A dangerous shortage of materials for vaccines

Our readers have their say on current challenges in the Covid-19 inoculation drive and a generous donation to help a young Filipino family in need

FILE PHOTO: A vial with the AstraZeneca's coronavirus disease (COVID-19) vaccine is pictured in Berlin, Germany, March 16, 2021. REUTERS/Hannibal Hanschke/File Photo

The danger posed by delays in the vaccine supply chain

I write in reference to Ramola Talwar Badam’s article Serum Institute chief sounds alarm over vaccine raw materials shortage (March 16): as a former pharmaceutical worker myself, I feel strongly about this issue. The chief of India’s Serum Institute has good reason to worry. If stocks are jeopardised, there are fears that half the world’s population will not be vaccinated until as late as 2022. A US export ban on raw materials makes this unpleasant possibility more likely. Hopefully the new administration will realise this and relax its measures in the coming days.

K Ragavan, Bengaluru

Why India's current rate of inoculation needs to speed up

I write in reference to Sholto Byrnes’ article Quad pact on vaccines could inject needless geopolitical tensions (March 17): if India’s vaccination race is indeed of geopolitical significance, the country will be some way behind other nations. It has only administered 2.6 million doses as of March 11, 55 days after it started its inoculation programme. This translates to just two percent of its population, or roughly 47,272 vaccinations per day. India’s target is 300 million by the end of July. It would need to administer roughly two million doses per day to reach this target. At current rates, we would need eight years and four months to reach this number. India must step up the pace.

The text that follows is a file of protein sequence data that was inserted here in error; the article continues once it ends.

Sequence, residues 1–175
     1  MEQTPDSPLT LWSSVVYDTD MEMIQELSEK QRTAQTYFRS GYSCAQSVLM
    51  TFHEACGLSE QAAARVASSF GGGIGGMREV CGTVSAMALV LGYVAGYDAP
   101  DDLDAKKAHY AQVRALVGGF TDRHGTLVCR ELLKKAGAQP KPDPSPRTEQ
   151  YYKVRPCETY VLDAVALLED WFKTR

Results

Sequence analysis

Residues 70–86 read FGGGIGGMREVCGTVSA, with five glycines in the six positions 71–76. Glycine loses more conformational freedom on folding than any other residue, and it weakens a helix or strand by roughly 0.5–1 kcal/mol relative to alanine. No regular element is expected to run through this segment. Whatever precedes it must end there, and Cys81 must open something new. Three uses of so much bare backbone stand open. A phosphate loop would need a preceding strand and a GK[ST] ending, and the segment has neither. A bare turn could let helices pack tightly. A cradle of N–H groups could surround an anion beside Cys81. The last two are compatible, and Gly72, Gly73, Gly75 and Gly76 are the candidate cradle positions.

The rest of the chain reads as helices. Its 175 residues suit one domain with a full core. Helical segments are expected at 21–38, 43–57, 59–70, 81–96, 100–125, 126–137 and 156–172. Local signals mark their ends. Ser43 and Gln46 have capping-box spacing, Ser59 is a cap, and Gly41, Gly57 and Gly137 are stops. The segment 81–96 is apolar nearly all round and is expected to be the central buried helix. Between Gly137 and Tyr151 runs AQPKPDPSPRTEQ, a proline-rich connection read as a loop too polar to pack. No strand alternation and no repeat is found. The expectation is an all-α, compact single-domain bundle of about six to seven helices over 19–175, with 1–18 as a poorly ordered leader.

Rajendra Aneja, Dubai

A situation no family would want to find itself in

I write in reference to Patrick Ryan’s article Filipino couple overjoyed as Dubai businessman pays infant twins’ Dh57,000 hospital bill (March 16): I can imagine exactly how this poor couple felt, having myself been in a similarly difficult situation. My eldest child was delivered prematurely. When he was moved into an incubation unit for an extended period of time, my husband’s employer stopped paying his salary and insurance. We had a remaining Dh63,000 to pay. I begged the hospital for a reduction, which they gave to the sum of Dh13,000. The rest we covered with our credit cards, as well as with the help of a generous friend. God will always provide. We can never predict the ways in which he chooses to do so. I am so grateful that their incredibly challenging ordeal is now at an end.

Ruth Villaflor Dela Cruz, Dubai

Generosity has relieved a young family of a huge burden

I am so happy for this couple. This gives you a fresh start with your twins. I wish your family good health. Thank you very much to the person who made such a generous gesture.

Shirley van Erven, Dubai